Forests of the Sea

Global Distributions and Dynamics of Mangroves

Chandra Giri, Principal scientist, contractor to U.S. Geological Survey (USGS) Earth Resources Observation and Science Center (EROS) ARSC Research and Technology SolutionsSioux Falls, S.D.

Five years after the devastatingAsian tsunami of December 2004, researchers and practitioners are still wondering if mangrove forests played any role in saving lives and property. A maj-ority of studies on the question provided evidence that a high-density mangrove forest better attenuates tsunami waves than a low-density forest and highlighted the need for better information on the status and conditions of mangrove forests. Information on the extent, spatial configuration, density, height, and species composition were deemed essential. At the same time, funding agencies, governments, and non-governmental organizations (NGOs) were looking for potential areas to rehab-ilitate mangroves. In this context, USGS/EROS, with support from USGS Director’s Venture Capital Fund, started this project to study the distribution and dynamics of mangrove forests in the tsunami-impacted region of Asia. (See Figure 1.)

The tsunami-impacted region consists of coastal areas of Indonesia, Malaysia, Thailand, Myanmar, Bangladesh, India, and Sri Lanka. The region comprises ~10% of the total mangrove forests of the world, including the largest remaining contiguous tract of mangrove forests, the Sundarbans in Bangladesh and India. Strong demographic pressure and diverse climatic conditions have created a mosaic of mangrove diversity in this region, which is undergoing constant changes. In fact, the Asia Pacific region is the epicenter of mangrove biodiversity and consists of many existing and planned national parks, biosphere reserves, and world heritage sites.

The objective of the USGS study was to determine the rate, causes, and distribution of mangrove forests using multi-temporal Landsat data and field observations. Analysis explored simple research questions such as how much mangrove forest remains, where is it located, what is the spatial and temporal rate of change, and what are the main reasons for the change? More importantly, the study identified potential areas for rehabilitation and regeneration.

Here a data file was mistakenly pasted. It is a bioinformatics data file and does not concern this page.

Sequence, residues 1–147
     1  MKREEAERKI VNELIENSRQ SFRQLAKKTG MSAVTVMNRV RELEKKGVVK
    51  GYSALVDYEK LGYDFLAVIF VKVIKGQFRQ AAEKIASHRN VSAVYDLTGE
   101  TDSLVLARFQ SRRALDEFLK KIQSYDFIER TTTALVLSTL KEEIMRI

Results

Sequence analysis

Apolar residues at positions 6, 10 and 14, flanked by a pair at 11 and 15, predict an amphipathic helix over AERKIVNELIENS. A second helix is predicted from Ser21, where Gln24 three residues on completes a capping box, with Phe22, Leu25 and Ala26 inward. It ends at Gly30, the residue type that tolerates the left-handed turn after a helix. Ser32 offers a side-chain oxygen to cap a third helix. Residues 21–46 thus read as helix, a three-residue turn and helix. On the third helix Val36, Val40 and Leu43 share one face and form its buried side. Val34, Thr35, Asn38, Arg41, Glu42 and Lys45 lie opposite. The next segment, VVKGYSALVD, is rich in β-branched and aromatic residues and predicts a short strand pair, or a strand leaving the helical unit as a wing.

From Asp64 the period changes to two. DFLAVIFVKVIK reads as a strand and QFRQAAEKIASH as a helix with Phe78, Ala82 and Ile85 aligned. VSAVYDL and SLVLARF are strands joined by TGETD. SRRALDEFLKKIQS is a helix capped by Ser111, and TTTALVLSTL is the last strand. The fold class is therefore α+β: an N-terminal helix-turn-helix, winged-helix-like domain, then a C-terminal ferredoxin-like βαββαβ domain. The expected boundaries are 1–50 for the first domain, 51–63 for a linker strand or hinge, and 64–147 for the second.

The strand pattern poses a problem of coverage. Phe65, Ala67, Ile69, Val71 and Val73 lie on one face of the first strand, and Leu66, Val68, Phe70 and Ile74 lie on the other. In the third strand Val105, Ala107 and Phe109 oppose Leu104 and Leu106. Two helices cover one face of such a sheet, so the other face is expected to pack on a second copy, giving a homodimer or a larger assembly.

We interpreted Landsat MSS, TM, and ETM+ satellite data using hybrid supervised and unsupervised digital image classification techniques. Geometric correction was performed to improve the geo-location to ± ˝ pixels needed for the change analysis. Each image was normalized for variation in solar angle and Earth-sun distance by converting the digital number values to the top of the atmosphere reflectance. Ground truth data and existing maps and databases were used to select training samples and also for iterative labeling. Change analysis was performed using post-classification approach.

Our analyses show that the region lost 12% mangrove forests from 1975 to 2005 to its present extent of ~1,670,000 hectares (ha.). This rate is much less than earlier estimates. As expected, the rate of deforestation varied in both spatial and temporal domains. Burma experienced the highest rate of annual deforestation (1%) and the highest regional rate of deforestation occurred during 1990-2000. Major factors responsible for regional deforestation were agricultural expansion (81%), shrimp farming (12%), urban development (2%), and other factors (5%) (See Figure 2.) This finding is contrary to the widespread belief that shrimp farming is the primary cause of deforestation.

The deforestation rate varied during observation periods. The annual rate of deforestation from 1975-2005 was highest (~1%) in Burma (see Figure 3) compared to Thailand (-0.73%), Indonesia (-0.33%), Malaysia (-0.2%), and Sri Lanka (-0.08%). In contrast, mangrove forests in Bangladesh (+0.14%) and India (+0.04%) remained essentially unchanged or slightly expanded during this period. The increase in mangrove area that we found in India is consistent with reports from the Forest Survey of India, which stated that mangrove forest cover has increased or remained unchanged since 1995. However, almost all the mangrove areas in India are severely degraded, with reduced or negligible vegetation cover. Bangladesh has started ambitious mangrove rehabilitation programs, and mangrove forest areas have also increased by aggradation. The reforestation programs in both India and Bangladesh were initiated by the government and local communities.